The simple fact is that America’s love affair with the automobile has a whole lot to do with making us not only the largest producer of greenhouse gases but also the largest per capita producer of greenhouse gases in the world. [China’s race to become the second largest producer of greenhouse gases is fueled in no small part by the fact that it is becoming the largest market for personal automobiles in the world. With prosperity in China comes a desire for the freedom of a personal automobile.]

The most interesting thing about the Kerry-Boxer Bill, the current Senate version of climate change legislation, is not so much its cap and trade provision as what it proposes to do with the revenue generated by the sale of carbon emission allowances. One of those uses is to fund metropolitan planning efforts to make it more possible to avoid use of the automobile, and to make other forms of transportation in metropolitan areas more attractive.

Most U.S. metropolitan areas have developed since World War II based on a model of dependence on the single occupant automobile. Suburbs have been sprawled across the landscape, and as large lots have become the norm, large areas have been built where transit simply isn’t realistic. People won’t walk more than so far to the bus stop. A significant part of the transportation focus of the Kerry-Boxer Bill is on encouraging metropolitan areas to plan towards a less auto-dependent future. One of the uses of money generated by sale of carbon emission allowances is to provide grants to support metropolitan area planning for:

  • efforts to increase public transportation ridership, including through service improvements, capacity expansions, and access enhancement;
  • efforts to increase walking, bicycling, and other forms of nonmotorized transportation;
  • implementation of zoning and other land use regulations and plans to support infill, transit-oriented development, redevelopment, or mixed use development;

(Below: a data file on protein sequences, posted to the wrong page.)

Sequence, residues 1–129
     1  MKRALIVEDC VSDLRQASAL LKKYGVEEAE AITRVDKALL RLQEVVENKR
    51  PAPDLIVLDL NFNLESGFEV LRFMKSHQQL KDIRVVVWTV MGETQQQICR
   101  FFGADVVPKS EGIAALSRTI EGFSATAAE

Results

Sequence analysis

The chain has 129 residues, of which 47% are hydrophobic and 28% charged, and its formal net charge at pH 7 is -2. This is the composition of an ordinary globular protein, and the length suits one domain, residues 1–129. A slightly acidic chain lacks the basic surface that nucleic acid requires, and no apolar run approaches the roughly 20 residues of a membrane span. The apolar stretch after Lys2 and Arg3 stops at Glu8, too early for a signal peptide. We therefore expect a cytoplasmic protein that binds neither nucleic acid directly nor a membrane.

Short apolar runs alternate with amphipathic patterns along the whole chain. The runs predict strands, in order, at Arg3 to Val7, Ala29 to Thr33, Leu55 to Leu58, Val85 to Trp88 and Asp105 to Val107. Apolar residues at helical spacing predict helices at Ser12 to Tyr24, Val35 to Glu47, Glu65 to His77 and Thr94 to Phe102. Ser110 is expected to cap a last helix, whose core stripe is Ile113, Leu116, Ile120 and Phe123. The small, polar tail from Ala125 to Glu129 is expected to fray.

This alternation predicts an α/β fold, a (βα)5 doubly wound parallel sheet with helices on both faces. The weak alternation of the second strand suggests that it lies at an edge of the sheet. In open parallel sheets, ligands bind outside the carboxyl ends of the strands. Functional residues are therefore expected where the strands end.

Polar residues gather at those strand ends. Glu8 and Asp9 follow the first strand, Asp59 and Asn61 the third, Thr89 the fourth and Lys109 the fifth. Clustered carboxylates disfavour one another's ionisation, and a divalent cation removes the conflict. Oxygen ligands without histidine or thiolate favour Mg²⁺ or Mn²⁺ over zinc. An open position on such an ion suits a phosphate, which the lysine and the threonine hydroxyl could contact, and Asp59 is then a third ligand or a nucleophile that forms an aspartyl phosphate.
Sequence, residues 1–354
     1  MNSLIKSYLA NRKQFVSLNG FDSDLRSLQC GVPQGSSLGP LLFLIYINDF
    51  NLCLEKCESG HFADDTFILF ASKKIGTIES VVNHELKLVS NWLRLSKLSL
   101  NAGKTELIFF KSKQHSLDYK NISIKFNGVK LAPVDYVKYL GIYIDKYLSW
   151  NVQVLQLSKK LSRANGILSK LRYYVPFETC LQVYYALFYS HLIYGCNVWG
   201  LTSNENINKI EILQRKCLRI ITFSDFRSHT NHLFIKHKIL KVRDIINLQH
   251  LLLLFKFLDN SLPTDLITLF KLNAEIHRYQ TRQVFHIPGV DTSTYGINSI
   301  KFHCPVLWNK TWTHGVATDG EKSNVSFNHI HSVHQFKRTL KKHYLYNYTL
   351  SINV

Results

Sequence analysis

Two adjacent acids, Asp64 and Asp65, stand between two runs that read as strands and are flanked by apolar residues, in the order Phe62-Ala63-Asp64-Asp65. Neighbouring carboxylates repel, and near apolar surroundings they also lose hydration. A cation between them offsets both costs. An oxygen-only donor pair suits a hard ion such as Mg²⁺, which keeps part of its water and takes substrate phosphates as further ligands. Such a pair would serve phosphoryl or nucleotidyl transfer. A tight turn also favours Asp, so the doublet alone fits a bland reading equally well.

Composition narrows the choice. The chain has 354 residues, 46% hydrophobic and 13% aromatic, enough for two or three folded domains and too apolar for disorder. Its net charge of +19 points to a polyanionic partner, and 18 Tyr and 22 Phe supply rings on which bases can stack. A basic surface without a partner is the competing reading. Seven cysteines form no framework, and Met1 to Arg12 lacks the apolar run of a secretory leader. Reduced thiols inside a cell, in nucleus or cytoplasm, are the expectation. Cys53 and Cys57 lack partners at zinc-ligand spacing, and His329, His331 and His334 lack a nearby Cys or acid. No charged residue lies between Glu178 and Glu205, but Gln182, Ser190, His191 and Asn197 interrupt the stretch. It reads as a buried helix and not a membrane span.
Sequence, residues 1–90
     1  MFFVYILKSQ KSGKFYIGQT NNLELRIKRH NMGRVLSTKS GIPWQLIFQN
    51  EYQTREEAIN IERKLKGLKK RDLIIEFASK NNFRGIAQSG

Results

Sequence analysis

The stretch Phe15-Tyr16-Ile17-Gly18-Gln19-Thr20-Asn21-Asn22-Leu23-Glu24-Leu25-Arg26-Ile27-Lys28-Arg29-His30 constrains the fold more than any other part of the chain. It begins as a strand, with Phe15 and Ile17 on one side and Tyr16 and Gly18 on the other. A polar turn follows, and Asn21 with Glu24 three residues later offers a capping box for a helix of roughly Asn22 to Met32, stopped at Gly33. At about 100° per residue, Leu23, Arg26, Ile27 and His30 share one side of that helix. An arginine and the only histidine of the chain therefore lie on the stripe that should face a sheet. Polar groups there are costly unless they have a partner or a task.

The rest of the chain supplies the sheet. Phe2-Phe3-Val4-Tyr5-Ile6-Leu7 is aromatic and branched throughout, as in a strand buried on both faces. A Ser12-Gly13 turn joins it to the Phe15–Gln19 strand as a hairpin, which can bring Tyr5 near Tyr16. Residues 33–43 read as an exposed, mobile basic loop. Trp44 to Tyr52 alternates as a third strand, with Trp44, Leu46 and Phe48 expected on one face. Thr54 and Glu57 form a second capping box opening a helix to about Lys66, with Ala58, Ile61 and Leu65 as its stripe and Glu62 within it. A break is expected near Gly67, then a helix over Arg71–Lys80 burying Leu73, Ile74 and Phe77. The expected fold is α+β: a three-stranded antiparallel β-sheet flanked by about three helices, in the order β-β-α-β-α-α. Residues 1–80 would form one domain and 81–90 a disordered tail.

• travel demand management programs (including carpool, vanpool, or car-share projects), transportation pricing measures, parking policies, and programs to promote telecommuting, flexible work schedules, and satellite work centers;
  • surface transportation system operation improvements, including intelligent transportation systems or other operational improvements to reduce congestion and improve system management;
  • intercity passenger rail improvements;
  • intercity bus improvements;
  • freight rail improvements;
  • use of materials or equipment associated with the construction or maintenance of transportation projects that reduce greenhouse gas emissions;
  • public facilities for supplying electricity to electric or plug-in hybrid-electric vehicles; or
  • any other effort that demonstrates progress in reducing transportation-related greenhouse gas emissions.

What will the impact of all that planning be? Cynics will make the case that it will provide a lot of jobs for planners. The reality is that our post-World War II suburbs will be dependent upon the single occupant automobile for a long time. And planning alone is not enough. It takes serious money to create more frequent bus service, bike lanes throughout our cities, to implement travel demand management programs, to improve intercity passenger rail and bus systems, and to deploy a plug-in network to make electric cars truly viable. But then, if cap and trade actually happens and carbon emission allowances have to be purchased, there will be some money available. The only chance of actually meeting the aggressive carbon emission reduction targets that almost all climate change legislation assumes is required is if the money raised by putting a price on carbon goes to fund the infrastructure that allows American metropolitan areas to continue to move people and goods without depending on the carbon.